Stop fees eating into your investments
No one can expect to invest free of charge. There will always be costs involved. But it is important to know what those costs are otherwise it is impossible to make a properly informed choice.
Currently, the charges on many types of investments and investment services in the UK are anything but clear.
This is despite the Financial Services Authority (FSA) mantra to financial companies, in the shape of its "Treating Customers Fairly" initiative, that fairness on charges should be a key consideration.
In this article, I examine in depth the charges on actively managed "collective" investment funds: open-ended investment companies (OEICs) and unit trusts; and investment trusts.
These investment vehicles, which enable retail investors to gain exposure to portfolios of shares and other assets, are the most common building blocks for most people's investment portfolios nowadays.
However, their charging structures are not as transparent as they should be. Fund management groups are being less than open and not revealing the full extent of their charges. Actual deductions can be many times higher than declared charges.
This does not mean that the cheapest funds are necessarily the best. But paying higher charges does not mean investors will always get a better deal either.
Investors must be able to make these judgements for themselves and to do so they need to be given all the information in a clear and straightforward way so they can call investment companies to account.
Spoiling a good reputation
Until now, collective investment fund providers have generally been regarded as the white sheep of the UK financial services industry.
Insurance and pension providers have had a far worse reputation for lack of transparency and high charges, usually stemming from the exorbitant rates of commission paid to intermediaries.
This often resulted in low returns and heavy penalties when investment products were redeemed early.
As consumers became aware of the extent of overcharging on these old-style insurance and pension contracts, they increasingly turned their backs on them and have turned to investment funds instead.
Unfortunately, it is now apparent that some fund companies are not being as open about their charges as they should be and, instead of making their charging structures easier to understand, are making them more complicated.
OEICs and unit trusts - high charging facts laid bare
The worst offenders are OEICs and unit trusts, even though at first glance their charges appear to be straightforward, consisting of an initial fee and an annual management charge.
The initial fee is typically 5% and is designed to cover marketing and other distribution costs, including commission to financial advisers which is normally around 3%.
However, nowadays advisers are often happy to reduce or waive their commission so investors pay little or no initial fees.
Annual management charges (AMCs) are normally around 1.5 to 1.75%.
Among other things, this charge contributes to the cost of investment management and the annual trail commission of 0.5% paid to advisers, which is intended to remunerate them for providing an ongoing service to investors.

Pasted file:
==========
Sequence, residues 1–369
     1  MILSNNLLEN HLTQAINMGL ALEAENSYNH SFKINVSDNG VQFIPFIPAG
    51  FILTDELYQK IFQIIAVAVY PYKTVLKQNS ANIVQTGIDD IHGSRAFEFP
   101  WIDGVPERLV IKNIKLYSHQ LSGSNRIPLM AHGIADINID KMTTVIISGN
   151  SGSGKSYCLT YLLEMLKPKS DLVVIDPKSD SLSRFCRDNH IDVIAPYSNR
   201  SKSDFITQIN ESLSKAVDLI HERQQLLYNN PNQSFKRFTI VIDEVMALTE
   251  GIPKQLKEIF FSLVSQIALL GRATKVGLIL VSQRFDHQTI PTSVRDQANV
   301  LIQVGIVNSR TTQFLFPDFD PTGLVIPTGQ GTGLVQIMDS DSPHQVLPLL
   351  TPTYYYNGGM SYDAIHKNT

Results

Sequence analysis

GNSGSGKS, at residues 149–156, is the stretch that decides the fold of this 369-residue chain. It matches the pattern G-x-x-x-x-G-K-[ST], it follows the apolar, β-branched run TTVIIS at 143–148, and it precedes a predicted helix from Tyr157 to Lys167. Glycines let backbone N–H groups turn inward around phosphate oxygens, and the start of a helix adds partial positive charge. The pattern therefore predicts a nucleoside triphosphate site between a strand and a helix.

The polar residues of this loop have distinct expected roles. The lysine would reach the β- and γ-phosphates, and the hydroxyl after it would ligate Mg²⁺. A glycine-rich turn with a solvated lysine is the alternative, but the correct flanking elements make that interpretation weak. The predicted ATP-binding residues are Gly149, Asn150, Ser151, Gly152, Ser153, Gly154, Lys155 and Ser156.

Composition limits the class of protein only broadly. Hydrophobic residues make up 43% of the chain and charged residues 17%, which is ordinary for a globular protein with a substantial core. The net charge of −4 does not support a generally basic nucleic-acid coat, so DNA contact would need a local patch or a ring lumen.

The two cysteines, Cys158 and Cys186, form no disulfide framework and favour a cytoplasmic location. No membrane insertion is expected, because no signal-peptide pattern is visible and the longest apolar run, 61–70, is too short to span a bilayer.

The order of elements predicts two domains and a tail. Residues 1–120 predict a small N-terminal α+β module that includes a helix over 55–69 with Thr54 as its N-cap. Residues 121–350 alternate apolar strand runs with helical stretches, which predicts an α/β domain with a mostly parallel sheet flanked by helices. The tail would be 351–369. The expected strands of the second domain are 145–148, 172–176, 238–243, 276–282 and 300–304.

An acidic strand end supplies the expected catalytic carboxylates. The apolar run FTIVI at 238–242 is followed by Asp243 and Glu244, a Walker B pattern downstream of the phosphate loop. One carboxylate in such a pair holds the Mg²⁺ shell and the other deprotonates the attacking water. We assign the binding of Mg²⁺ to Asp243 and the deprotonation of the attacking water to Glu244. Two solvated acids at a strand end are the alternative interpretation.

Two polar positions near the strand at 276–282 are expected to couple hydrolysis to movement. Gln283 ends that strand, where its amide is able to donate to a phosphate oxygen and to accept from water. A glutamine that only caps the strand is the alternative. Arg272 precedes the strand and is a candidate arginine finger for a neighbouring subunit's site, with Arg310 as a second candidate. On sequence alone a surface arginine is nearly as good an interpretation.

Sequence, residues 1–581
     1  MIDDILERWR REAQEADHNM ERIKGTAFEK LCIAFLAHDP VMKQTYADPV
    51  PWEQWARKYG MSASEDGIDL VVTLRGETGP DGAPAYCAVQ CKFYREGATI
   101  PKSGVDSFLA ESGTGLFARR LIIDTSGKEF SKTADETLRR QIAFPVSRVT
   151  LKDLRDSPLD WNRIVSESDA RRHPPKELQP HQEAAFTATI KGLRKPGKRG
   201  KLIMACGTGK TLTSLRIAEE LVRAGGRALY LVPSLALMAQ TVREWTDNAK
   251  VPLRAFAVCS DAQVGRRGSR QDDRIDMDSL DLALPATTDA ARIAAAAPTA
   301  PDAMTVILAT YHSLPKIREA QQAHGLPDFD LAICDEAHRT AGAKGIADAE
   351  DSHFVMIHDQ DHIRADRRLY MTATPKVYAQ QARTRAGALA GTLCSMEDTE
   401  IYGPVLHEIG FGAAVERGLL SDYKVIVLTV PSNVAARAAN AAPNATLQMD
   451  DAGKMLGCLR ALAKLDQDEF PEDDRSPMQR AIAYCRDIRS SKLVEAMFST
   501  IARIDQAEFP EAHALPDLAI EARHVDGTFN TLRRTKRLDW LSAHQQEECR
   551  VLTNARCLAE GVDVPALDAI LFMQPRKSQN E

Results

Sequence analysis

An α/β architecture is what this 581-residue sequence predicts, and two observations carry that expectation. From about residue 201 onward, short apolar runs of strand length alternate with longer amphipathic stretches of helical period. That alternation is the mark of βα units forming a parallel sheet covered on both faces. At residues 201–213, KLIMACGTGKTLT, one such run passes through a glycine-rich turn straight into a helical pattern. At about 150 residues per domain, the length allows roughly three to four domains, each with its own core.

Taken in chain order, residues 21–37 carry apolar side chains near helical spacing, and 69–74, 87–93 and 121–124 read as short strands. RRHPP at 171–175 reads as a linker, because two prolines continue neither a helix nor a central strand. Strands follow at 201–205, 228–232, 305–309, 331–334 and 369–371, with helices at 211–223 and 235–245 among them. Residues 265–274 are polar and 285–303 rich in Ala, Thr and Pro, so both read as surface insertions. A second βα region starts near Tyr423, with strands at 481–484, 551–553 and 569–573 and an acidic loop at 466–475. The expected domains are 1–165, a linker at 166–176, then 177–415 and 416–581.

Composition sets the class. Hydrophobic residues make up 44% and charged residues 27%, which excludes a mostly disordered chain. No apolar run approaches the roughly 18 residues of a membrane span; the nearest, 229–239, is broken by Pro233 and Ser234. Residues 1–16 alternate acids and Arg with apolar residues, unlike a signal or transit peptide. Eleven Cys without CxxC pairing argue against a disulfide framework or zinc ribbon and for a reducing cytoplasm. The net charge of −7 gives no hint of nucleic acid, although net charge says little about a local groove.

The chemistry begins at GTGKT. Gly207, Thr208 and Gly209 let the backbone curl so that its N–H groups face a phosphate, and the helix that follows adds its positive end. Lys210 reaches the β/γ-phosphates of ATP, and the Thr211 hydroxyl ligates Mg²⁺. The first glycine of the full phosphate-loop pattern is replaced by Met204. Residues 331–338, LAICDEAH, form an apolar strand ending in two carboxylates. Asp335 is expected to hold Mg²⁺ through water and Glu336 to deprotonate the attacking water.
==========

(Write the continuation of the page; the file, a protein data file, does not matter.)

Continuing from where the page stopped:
However, it does not cover all costs and companies calculate it differently. Charges expert Ed Moisson, head of consulting at Lipper FMI, says: "The AMC is not a 'clean' figure. In other words what is included is not consistent."
A more comprehensive and comparable measure of cost is the total expense ratio (TER).
Moisson says: "The TER is consistent and includes all operating costs that drag on fund performance each year - administration, custody, audit, management and distribution fees - while the AMC may or may not include some or all of these costs."
For this reason, the difference between a fund's AMC and TER can sometimes be minimal at just a few per cent (for example, from 1.5 to 1.6%), and sometimes a percentage point or more.
Funds of funds, for example, may quote an AMC of 1.5%, but after the costs of the underlying funds are taken into account the average TER is 2.21%.
Buried in the small print
Fund managers must calculate TERs for their funds but they rarely give them as much prominence in their fund literature as AMCs.
As long as they have included them in their "key features documents", which must be provided to investors when they first invest, then managers have fulfilled their legal obligations.
However, key features documents are long, closely printed leaflets that few investors are likely to read in detail.
Therefore, as an important first step towards transparency and openness, why aren't asset management companies compelled to give TERs much greater prominence in their fund literature?
Investors would then have at least one measure of charges that they can use for comparison purposes.
Although some funds with an overseas remit can have higher-than-average TERs, UK-invested funds feature among those with the highest charges as well as among those with the lowest. A global equity fund also appears in both categories.
Fund size can be another factor affecting TERs, with smaller funds suffering disproportionately from fixed costs. The three Premier Castlefield funds with the highest TERs, which are managed by Castlefield, a small investment firm, are all under £1 million in size.
However, the St James's Place fund is more than £35 million in size so it does not have that excuse. The average size of the funds with the lower TERs is higher.
Another distinguishing feature is that four of the five funds with the highest TERs are OEICs, while among the lowest charging the majority are unit trusts.
TERs on some OEICs are now being bumped up even further by the growing number of fund groups charging additional, so-called "performance" fees. These deductions are typically 15 to 20% of a fund's gains.
The fees, charged retrospectively, must also be included in funds' overall TERs. It is those funds with performance fees that are among those with the highest TERs.